“If you wanted any proof of the fact that there is a connection between cricket and religion, just look at the name of this ground. This is the Lord’s Cricket Ground, in the same way that this is the Lord’s universe,” he told the event.

Two years of preparation resulted in the current exhibit, which spans grassroots to the sport’s pinnacle.

“The exhibition delves not only into the triumphs of Jewish players on the field but also the struggles faced by the community, namely through anti-Semitism,” Robinson says.

Just last October, ex-Yorkshire cricketer Azeem Rafiq was hit with a formal reprimand from the Cricket Discipline Commission for “racist and discriminatory conduct” after anti-Semitic messages made in a 2011 exchange with fellow cricketer Ateeq Javid.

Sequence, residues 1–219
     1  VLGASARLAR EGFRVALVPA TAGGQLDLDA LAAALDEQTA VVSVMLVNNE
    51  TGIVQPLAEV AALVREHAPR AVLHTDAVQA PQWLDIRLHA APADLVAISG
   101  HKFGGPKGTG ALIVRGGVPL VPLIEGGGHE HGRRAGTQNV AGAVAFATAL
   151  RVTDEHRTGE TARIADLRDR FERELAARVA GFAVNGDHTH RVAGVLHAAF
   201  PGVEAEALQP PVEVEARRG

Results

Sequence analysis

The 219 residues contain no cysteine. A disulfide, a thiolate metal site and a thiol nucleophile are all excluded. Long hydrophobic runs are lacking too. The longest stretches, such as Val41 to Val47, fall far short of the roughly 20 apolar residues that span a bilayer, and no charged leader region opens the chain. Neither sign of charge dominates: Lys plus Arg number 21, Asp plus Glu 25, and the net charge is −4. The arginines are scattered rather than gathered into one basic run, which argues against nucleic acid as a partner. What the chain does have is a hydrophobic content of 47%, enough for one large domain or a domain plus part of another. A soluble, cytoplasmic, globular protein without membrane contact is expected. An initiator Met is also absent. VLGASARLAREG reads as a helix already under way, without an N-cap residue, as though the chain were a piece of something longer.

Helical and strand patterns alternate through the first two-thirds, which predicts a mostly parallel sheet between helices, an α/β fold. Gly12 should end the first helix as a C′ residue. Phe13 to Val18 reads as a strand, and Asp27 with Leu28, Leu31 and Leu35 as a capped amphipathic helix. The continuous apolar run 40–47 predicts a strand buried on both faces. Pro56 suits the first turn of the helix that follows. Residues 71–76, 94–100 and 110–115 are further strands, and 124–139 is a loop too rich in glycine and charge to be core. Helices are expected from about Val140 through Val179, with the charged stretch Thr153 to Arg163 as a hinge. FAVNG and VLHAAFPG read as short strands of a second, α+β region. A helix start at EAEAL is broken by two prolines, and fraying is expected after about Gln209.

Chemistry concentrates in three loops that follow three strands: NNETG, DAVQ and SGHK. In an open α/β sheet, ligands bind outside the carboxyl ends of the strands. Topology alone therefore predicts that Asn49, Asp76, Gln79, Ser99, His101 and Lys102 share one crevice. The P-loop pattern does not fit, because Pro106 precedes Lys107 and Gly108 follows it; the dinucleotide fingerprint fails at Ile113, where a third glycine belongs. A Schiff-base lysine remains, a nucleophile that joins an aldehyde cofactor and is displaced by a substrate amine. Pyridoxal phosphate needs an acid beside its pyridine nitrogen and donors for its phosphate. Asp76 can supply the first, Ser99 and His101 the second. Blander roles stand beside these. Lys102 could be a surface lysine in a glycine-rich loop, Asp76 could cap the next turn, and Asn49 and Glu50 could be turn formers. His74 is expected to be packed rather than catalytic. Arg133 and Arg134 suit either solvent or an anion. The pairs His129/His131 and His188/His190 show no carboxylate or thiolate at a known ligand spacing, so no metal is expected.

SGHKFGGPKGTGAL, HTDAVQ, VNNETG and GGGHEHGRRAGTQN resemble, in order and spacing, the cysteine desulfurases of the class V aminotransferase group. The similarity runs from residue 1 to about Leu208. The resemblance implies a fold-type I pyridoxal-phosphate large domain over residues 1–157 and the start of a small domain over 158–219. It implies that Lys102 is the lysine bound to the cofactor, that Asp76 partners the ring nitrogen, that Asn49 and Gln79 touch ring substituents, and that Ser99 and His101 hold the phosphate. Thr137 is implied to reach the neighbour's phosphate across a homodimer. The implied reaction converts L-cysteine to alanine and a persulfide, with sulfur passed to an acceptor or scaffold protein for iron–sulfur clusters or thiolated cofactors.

“As one delves deeper into the annals of cricket history, an intriguing transformation of the sport’s relationship with religion unravels,” says Robinson. “Cricket, once maligned in religious tracts for its Sunday play, gradually found favor with the aristocracy due to its association with gambling.”

Jewish players 
made their mark

By the 1830s, cricket embraced fully a muscular Christianity — “what certain groups claimed was the embodiment of morality, physical health and mental well-being,” Robinson says. “Cricket has also assumed an indelible role in the British Imperial Project.”

Cricket is particularly popular at upmarket private schools among Christians, but that didn’t dissuade all Jews from entering the sport. They soon made their mark.

Only one Jewish player has represented England as a Test (international level) cricketer, Nessa Reinberg.

In South Africa, many Jewish cricketers overcame discrimination and made the national team.

The exhibit also encourages visitors to consider the cricketers who weren’t comfortable identifying publicly as Jews.

The legendary South African cricketer Norman Gordon was met with “Here comes the rabbi!” taunts when he bowled in a 1938 match. Unfazed, Gordon played so well that he shut the heckler up for the remainder of the game.